I agree. Scotland has a strong nationalist movement, Catalonia, of course, and you see it further east in Europe. In the Balkans, you still have very strong national identities. You have trouble now still between Hungarians and their neighbors because of Hungarians living outside Hungary. And so, no, we certainly haven’t moved away from it yet.
JEFFREY BROWN: John Mearsheimer, when you’re thinking about great power situations today or the kind of global struggles we see today, are there lessons that you most look at from 100 years ago?
JOHN MEARSHEIMER: I think there are two fundamental differences between Europe today and Europe in 1914.
I think the first is that, in 1914, you had one country, Germany, that was especially powerful, yet fearful. And I think that that Germany, imperial Germany, was the principal cause of the war. Today, you have no power in Europe, whether it’s Russia or Germany, that has the power to dominate Europe.
So there’s no one country that can cause a lot of trouble. The second big difference is the presence of nuclear weapons. I think it would be almost impossible today to have World War III that looked like either World War I or World War II in Europe or in Asia or any other place on the planet, simply because of the presence of nuclear weapons.
Nuclear weapons are major league forces for peace. But that doesn’t mean you couldn’t have a limited war. But, anyway, all of this is to say that I think the situation in Europe is much more stable today than it was before World War I, before World War II, or even during the Cold War.
JEFFREY BROWN: And yet, Jack Beatty, of course, globally, we still have superpower competition. We have the rise of China in Asia. What kind of lessons do you see from looking at the run-up to 1914?
JACK BEATTY: Well, I see what Graham Allison at Harvard has called the Thucydides trap looming as a potential over history, U.S.-Chinese relations.
The Thucydides trap refers to the book by Thucydides “The History of the Peloponnesian War,” in which he writes it was the rise of Athens and the fear that this inspired in Sparta that made war inevitable.
Well, change that around. It was the rise of Russia and the fear that this inspired in Germany in 1914 that made war inevitable. As you look through the German — what Germans of the period were saying, it was a feeling of now or never. Russia’s power will be irresistible in a few more years. It’s strategic railroads to the — its western borders will have been completed. Our whole strategy of a two-front war which counted on a lag in mobilization between Russia and Germany, that will be out the window. We won’t be able to stand for it. Let’s have a preventive war now.
Well, you say we would never have a preventive war in China. And yet, in 1990, Paul Wolfowitz, who was then an assistant secretary of defense, wrote a paper, made front-page news in The New York Times, saying that it should be the policy of the United States to prevent the rise of a rival power.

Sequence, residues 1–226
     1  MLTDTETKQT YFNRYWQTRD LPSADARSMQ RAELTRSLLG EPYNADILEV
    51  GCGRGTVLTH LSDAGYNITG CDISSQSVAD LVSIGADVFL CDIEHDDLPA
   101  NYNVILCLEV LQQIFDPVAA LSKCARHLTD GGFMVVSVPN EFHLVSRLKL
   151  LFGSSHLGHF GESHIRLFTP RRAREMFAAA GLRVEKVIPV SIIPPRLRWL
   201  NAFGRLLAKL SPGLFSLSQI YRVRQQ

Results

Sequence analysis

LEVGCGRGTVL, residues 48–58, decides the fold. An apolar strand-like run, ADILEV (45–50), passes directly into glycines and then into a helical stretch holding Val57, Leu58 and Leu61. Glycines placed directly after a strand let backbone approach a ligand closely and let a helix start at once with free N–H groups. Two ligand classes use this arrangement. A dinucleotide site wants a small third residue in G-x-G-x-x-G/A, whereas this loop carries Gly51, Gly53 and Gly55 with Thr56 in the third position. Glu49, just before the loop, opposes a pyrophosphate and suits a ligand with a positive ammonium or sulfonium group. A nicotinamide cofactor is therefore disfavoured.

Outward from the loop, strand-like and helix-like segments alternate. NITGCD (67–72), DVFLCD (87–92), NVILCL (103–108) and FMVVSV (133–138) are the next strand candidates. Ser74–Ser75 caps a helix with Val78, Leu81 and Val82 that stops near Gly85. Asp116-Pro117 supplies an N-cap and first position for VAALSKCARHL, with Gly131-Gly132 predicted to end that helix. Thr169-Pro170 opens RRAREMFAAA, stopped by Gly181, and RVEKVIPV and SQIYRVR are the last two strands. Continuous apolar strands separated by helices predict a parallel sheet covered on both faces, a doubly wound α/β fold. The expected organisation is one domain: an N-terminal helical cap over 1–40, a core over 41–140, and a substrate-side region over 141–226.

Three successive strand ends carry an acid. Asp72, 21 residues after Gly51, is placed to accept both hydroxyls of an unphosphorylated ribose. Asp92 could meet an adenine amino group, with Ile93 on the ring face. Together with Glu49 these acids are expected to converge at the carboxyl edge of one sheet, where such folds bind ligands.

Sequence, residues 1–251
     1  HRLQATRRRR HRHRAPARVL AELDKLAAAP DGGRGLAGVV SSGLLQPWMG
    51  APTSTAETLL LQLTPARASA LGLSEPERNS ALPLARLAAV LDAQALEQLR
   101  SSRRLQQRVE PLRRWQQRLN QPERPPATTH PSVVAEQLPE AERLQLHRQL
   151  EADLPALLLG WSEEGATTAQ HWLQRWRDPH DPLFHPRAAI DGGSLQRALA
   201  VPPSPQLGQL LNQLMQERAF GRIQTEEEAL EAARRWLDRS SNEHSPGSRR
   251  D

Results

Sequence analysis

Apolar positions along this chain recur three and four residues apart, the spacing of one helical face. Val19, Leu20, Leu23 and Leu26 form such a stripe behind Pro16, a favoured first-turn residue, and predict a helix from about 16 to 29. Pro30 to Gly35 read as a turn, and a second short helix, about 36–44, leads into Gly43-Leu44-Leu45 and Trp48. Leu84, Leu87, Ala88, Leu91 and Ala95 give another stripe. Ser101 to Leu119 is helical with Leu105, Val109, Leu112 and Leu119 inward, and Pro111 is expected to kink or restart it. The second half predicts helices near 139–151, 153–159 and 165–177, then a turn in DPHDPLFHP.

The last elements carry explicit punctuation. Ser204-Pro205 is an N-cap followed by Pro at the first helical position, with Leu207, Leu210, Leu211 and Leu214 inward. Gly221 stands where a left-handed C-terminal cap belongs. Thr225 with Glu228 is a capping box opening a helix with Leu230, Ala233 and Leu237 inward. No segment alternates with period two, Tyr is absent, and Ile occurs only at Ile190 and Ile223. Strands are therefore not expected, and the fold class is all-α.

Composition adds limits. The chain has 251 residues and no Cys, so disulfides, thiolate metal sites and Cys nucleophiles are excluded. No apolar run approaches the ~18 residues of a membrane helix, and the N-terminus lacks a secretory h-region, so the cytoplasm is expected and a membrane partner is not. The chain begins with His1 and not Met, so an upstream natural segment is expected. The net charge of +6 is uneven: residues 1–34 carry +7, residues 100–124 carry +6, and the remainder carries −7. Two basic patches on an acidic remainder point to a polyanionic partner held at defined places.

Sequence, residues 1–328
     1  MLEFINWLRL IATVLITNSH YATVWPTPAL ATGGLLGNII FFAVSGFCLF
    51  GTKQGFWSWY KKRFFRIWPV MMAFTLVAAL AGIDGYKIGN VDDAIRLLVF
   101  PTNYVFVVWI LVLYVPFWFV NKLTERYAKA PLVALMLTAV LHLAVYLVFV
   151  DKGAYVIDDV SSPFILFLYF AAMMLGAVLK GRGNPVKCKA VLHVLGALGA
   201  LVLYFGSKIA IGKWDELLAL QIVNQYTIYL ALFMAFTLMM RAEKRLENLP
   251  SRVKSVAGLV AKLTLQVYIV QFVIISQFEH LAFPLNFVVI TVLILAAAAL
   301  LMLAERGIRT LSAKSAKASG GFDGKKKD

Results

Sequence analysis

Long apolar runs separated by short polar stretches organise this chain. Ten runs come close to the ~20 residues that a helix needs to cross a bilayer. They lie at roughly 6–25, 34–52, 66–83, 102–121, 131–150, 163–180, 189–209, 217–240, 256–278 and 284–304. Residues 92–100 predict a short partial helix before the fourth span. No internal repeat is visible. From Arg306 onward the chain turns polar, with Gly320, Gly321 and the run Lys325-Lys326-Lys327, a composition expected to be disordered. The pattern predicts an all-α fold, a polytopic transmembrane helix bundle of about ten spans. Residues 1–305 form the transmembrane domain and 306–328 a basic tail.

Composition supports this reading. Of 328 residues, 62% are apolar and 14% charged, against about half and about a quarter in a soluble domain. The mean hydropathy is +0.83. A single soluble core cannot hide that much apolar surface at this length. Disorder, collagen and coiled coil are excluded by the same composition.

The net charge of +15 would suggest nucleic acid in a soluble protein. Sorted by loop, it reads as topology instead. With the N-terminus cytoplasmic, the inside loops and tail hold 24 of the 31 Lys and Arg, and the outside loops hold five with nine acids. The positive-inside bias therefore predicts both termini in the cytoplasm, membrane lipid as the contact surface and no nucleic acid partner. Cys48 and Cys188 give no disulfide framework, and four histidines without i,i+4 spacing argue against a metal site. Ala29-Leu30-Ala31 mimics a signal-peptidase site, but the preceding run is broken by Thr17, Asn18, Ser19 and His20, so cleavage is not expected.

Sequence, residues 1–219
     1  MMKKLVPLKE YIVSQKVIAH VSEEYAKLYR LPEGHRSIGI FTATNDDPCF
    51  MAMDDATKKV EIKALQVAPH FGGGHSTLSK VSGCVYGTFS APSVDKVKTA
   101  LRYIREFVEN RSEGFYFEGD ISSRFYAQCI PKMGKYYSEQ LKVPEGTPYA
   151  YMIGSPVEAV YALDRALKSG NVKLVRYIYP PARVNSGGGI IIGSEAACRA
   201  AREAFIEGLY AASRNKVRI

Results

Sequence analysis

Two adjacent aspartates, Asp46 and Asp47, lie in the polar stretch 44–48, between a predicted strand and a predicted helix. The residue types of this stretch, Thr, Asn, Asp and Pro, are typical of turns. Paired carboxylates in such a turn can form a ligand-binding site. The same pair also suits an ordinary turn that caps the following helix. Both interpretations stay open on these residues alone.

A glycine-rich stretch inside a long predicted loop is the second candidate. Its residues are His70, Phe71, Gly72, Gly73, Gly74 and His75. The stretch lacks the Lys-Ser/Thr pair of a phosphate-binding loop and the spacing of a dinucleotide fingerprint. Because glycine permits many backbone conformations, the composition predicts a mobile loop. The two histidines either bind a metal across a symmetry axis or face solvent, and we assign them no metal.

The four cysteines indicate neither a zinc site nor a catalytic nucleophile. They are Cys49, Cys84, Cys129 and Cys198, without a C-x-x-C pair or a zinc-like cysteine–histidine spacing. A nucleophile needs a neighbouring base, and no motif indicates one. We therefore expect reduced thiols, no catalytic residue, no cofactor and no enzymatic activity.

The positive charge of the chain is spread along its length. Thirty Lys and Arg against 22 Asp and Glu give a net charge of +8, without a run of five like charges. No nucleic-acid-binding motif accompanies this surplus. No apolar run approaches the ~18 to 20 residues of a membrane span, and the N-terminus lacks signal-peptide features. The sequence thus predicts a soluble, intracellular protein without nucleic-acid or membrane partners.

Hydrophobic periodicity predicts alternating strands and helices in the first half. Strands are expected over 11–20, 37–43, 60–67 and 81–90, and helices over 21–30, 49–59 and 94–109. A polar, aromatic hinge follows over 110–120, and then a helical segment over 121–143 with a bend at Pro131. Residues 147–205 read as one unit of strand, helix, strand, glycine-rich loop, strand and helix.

And, of course, the Bush doctrine of 2002, as it’s been called, essentially is a doctrine of preventive war. We will not wait for dangers to gather. We will prevent that from happening.
So we have been tempted at the level of our elites. And then there’s just — to talk about preventive war.
JEFFREY BROWN: Well, Margaret MacMillan, I just wonder, as a historian, do you like to make these direct analogies, or do you hear echoes? What’s useful for us to think about now?
MARGARET MACMILLAN: I think what is useful to think about is how we might formulate questions about the present by drawing on the past.
But I don’t think the situations a hundred years ago are the same as today. So many more things have happened. And, as John Mearsheimer points out, we now have nuclear weapons. I think we can learn that it is very important to understand your neighbors, to understand what it is that they’re worried about, to try and build bridges.
It’s very important to have international institutions. I wouldn’t agree completely with Jack Beatty, that I don’t think that things are inevitable in human history. I think if we accept that there are human factors, there are possibilities of making decisions, that nations on the rise don’t necessarily need to go to war with those comfortable hegemonic nations.
You could have argued that Britain was probably going to go to war with the United States in the 1890s because the United States was a threat to the British position in the new world. And it didn’t happen. The British and the Americans decided to manage that relationship. So, I think you can have a transition as one nation becomes more powerful and another nation becomes less powerful.
And I think we need to remember that. We need to remember that there are choices in history.
JEFFREY BROWN: Well, you know what? On that, we’re going to continue that discussion. We will do that online. And I will invite the audience to join us there later on.
But, for now, Margaret MacMillan, Jack Beatty, and John Mearsheimer, thank you all so much.
JOHN MEARSHEIMER: You’re welcome.
MARGARET MACMILLAN: Thank you.
JACK BEATTY: Thank you.